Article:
/choor'ee geuh resk"/, adj.
noting or pertaining to the baroque architecture of Spain and its colonies in the late 17th and early 18th centuries, characterized by fantastic and lavish detailing.
Also, churrigueresco Sp. /choohrdd rddee'ge rddes"kaw/.
[1835-45; < F < Sp churrigueresco, after José Churriguera (1650-1725), baroque architect and sculptor + -esco -ESQUE]

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Spanish Rococo architectural style named after the architect José Churriguera (1665–1725).

Visually frenetic, it featured a plethora of extravagant ornament and surfaces bristling with broken pediments, undulating cornices, spirals, balustrades, stucco shells, and garlands. In Spanish America, tendencies from both Native American and Mudéjar (Spanish-Moorish) art were incorporated, and the Churrigueresque column, an inverted cone, became the most common motif.

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▪ architectural style
Spanish  Churrigueresco,  
 Spanish Rococo style in architecture, historically a late Baroque return to the aesthetics of the earlier Plateresque (q.v.) style. In addition to a plethora of compressed ornament, surfaces bristle with such devices as broken pediments, undulating cornices, reversed volutes, balustrades, stucco shells, and garlands. Restraint was totally abandoned in a conscious effort to overwhelm the spectator. Although the name of the style comes from the family name of José Benito Churriguera, an architect, the Churriguera family members are not the most representative masters of the style.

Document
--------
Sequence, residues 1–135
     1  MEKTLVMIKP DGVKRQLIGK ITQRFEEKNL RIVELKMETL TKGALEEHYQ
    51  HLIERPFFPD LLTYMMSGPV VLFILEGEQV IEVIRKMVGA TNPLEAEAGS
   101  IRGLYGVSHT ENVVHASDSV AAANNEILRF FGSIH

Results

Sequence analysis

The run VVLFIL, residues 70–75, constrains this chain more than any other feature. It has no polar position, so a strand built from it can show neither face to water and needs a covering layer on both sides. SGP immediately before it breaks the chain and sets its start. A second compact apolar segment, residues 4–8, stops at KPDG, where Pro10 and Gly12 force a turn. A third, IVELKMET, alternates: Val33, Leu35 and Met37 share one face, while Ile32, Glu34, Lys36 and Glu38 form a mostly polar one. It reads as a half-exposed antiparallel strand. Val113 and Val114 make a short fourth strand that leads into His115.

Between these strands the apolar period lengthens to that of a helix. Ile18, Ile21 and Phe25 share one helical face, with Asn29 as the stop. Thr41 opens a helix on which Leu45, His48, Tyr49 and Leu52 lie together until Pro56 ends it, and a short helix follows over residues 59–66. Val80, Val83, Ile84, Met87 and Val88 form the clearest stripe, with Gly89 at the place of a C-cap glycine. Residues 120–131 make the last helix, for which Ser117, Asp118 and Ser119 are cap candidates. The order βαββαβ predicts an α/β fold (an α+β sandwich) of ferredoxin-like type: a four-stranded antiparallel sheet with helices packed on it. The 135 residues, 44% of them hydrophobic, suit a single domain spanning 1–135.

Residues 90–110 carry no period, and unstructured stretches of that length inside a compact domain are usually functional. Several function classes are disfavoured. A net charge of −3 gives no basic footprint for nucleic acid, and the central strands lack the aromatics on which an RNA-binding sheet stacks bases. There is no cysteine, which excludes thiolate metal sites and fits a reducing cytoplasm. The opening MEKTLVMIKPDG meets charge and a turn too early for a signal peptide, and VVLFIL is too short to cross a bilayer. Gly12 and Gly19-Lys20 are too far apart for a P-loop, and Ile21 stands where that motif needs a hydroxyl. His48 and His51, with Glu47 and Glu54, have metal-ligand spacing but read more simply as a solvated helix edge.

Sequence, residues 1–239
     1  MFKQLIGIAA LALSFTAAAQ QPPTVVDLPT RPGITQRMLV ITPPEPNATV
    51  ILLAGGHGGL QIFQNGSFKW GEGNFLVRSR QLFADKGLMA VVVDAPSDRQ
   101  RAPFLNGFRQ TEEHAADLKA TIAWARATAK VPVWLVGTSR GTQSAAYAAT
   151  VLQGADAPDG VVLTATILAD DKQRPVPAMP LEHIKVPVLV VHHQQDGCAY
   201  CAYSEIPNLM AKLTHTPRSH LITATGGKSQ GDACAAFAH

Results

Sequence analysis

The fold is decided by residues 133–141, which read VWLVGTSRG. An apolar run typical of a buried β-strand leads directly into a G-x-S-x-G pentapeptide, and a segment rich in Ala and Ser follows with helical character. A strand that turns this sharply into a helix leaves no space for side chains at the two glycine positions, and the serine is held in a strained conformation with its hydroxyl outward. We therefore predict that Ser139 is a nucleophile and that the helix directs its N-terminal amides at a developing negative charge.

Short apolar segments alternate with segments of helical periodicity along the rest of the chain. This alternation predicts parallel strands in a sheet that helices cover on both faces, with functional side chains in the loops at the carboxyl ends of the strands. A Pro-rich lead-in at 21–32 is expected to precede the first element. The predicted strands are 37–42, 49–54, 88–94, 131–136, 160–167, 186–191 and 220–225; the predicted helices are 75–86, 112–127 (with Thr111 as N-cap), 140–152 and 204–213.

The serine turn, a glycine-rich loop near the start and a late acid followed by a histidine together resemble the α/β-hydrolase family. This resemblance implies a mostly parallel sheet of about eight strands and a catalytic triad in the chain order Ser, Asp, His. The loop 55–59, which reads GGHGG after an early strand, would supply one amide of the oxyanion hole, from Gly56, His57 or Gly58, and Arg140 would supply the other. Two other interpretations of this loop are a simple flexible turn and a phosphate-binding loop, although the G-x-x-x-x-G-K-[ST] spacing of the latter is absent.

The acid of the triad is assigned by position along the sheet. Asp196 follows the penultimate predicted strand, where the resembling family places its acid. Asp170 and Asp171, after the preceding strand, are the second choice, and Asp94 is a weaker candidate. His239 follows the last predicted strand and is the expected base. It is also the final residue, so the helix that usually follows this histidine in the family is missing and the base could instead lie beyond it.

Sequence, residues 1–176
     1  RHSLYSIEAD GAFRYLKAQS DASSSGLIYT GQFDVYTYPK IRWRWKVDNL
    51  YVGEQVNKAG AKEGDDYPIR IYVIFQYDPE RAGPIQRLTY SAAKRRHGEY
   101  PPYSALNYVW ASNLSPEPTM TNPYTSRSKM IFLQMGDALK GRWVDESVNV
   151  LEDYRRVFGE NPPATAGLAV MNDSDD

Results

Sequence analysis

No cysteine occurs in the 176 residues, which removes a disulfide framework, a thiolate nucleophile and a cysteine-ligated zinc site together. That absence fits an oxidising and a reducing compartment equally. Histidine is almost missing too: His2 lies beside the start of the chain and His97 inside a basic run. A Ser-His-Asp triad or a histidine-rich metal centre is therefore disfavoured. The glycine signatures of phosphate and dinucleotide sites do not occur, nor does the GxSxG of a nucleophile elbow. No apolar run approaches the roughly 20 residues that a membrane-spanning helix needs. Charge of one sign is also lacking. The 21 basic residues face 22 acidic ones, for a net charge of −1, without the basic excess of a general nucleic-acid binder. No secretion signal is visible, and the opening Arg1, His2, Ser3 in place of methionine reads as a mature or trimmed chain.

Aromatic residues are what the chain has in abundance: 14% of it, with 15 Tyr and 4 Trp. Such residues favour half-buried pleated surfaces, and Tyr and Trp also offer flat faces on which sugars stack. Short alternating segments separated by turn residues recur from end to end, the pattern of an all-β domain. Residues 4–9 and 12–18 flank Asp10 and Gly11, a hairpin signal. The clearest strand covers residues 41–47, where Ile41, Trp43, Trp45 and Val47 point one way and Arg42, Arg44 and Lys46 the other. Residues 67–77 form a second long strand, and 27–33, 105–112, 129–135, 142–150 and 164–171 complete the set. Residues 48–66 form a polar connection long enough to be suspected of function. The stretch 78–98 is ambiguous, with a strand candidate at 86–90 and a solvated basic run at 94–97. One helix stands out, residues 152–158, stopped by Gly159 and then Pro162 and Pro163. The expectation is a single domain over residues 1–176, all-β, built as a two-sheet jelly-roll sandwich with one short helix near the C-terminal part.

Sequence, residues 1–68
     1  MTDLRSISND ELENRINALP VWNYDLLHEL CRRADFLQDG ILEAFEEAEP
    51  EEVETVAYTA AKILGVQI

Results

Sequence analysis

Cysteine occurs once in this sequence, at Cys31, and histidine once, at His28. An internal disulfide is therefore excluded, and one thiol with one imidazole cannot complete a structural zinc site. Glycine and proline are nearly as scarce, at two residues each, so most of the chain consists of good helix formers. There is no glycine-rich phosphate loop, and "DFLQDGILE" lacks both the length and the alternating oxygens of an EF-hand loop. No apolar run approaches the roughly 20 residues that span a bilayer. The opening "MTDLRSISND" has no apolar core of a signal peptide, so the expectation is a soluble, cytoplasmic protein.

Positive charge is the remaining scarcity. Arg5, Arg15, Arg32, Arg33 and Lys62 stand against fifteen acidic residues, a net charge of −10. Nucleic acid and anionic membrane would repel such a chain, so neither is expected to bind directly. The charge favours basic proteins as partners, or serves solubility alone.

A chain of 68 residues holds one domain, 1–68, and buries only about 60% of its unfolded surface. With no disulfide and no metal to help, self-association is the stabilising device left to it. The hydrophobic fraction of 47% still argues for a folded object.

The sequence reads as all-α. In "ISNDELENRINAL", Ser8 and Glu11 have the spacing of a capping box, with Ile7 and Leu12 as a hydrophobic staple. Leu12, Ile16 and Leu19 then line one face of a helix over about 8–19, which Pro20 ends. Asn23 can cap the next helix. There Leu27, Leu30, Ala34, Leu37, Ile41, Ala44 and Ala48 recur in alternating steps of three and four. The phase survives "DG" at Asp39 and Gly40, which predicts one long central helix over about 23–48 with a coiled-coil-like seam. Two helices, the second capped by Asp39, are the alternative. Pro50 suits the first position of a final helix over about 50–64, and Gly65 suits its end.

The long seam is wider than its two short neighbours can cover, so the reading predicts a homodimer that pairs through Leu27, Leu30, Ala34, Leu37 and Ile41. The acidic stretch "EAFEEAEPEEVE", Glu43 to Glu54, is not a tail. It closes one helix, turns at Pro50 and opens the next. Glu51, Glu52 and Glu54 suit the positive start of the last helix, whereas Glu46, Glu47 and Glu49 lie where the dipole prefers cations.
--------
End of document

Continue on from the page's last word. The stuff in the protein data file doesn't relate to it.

The “Transparente” (completed 1732), designed by Narciso Tomé for the cathedral in Toledo, is among the masterpieces of Churrigueresque. Tomé created an arrangement in which the Holy Sacrament could be placed within a transparent vessel that was visible from both the high altar and the ambulatory, seen both by the congregation and the pilgrim. Sculpted clouds, gilded rays, a massing of carved angels, and architecturally directed natural light combine to produce a mystical and spiritual effect.

      In the sacristy of the Cartuja of Granada (1727–64), Luis de Arévalo and Francisco Manuel Vásquez created an interior that, if not as delicate or as ingenious as that designed by Tomé, is as typically Churrigueresque. The architects drew from other sources for the thick moldings, undulating lines, and repetition of pattern.

      In Spanish America tendencies from both the native art of the Americas and the ever-present Mudéjar (Moorish art) have been incorporated, further enriching the style, and the Churrigueresque column, which was shaped like an inverted cone, became the most common motif. The Mexico cathedral (1718), Santa Prisca at Taxco (1758), and San Martín at San Luis Potosí (1764) are excellent examples of Churrigueresque in Mexico.

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Universalium. 2010.